Trade Adjustment Assistance:

Changes to the Workers Program Benefited Participants but Little Is Known about Outcomes

GAO-12-953: Published: Sep 28, 2012. Publicly Released: Sep 28, 2012.

Additional Materials:


Andrew Sherrill
(202) 512-7215


Office of Public Affairs
(202) 512-4800

What GAO Found

The Department of Labor (Labor) was challenged to process the substantial increase in petitions filed for the Trade Adjustment Assistance (TAA) for Workers program after related legislation was enacted in 2009. Labor initially had insufficient capacity to handle this increased workload, leading to processing delays and data recording errors. For example, in the quarter after the 2009 legislation took effect, Labor took an average of 153 days to process a petition—nearly four times the statutory limit. Labor responded with corrective action, including hiring new staff and adding additional quality control steps for processing petitions. Partly as a result of these efforts, processing times fell substantially. Moreover, GAO found that Labor's petition investigation process, as of June 2012, generally conformed to best practices for internal controls.


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According to selected state officials, virtually all of the 2009 changes benefited participants, and some also helped administrators serve participants. Officials in all six states GAO interviewed expressed the view that both participants and administrators benefited from the simplified and extended training enrollment deadline. Some officials said the new deadline was easier for eligible workers to understand and provided administrators with more time to advise participants on their training and employment options. Moreover, officials said participants who enrolled in training benefited from other program changes, including increased training funds, the option to attend training part-time, and a longer period for income support. Some state officials said that the additional weeks of income support allowed participants to consider longer-term training options, such as health care programs.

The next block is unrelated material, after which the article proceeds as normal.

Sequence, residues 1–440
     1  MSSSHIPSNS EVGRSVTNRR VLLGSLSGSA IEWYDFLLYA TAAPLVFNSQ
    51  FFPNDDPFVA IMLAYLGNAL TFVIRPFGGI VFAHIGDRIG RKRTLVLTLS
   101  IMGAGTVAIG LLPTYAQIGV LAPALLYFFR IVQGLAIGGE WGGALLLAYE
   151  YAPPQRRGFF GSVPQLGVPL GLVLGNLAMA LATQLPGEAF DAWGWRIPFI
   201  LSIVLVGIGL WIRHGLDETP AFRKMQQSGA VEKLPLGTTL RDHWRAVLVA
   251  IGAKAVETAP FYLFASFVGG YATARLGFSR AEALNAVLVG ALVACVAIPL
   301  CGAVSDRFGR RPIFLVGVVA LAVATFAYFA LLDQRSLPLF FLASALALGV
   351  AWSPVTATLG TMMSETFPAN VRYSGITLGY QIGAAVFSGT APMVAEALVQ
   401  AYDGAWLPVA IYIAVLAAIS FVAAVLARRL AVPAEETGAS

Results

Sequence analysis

Over 107,000 participants received benefits and services as established by the 2009 law, but little is yet known about their employment outcomes. Nationally, all the participants received case management and reemployment services and about half enrolled in training, most commonly occupational skills training. Less than 8 percent of participants used other benefits. Little is known about employment outcomes because nearly two-thirds of the participants were still enrolled as of September 30, 2011, and employment and earnings information was often not available for those who had exited the program. While this information will eventually be available, other factors, including the overall state of the economy, affect these outcomes so isolating the effects of the 2009 legislative changes would be difficult.

Why GAO Did This Study

While international trade has benefited Americans in a number of ways, it has also contributed to layoffs in a range of industries. To assist trade-displaced workers, Labor administers the TAA for Workers program, which provides income support, job training, and other benefits. The Trade Globalization and Adjustment Assistance Act of 2009, enacted as part of the American Recovery and Reinvestment Act, made substantial changes to the TAA program, such as extending eligibility to workers in the service sector and increasing benefits levels. The Act also required GAO to report on the operation and effectiveness of those changes. Specifically, GAO examined (1) the challenges Labor faced in implementing the 2009 legislation, (2) selected state officials' assessment of the 2009 legislation's effect on participants and state and local administrators, and (3) the extent to which participants received program benefits and services established by the 2009 legislation and achieved employment outcomes. GAO interviewed officials at Labor and in six states, selected for having a high level of TAA activity and geographic diversity. GAO also reviewed Labor's internal controls for investigating petitions, which are filed on behalf of workers and are the starting point for determining their TAA eligibility. GAO analyzed participant data on specific benefits and services received and employment outcomes, as available.

What GAO Recommends

GAO is not making recommendations in this report. Labor generally agreed with the report's findings.

For more information, contact Andrew Sherrill at (202) 512-7215 or

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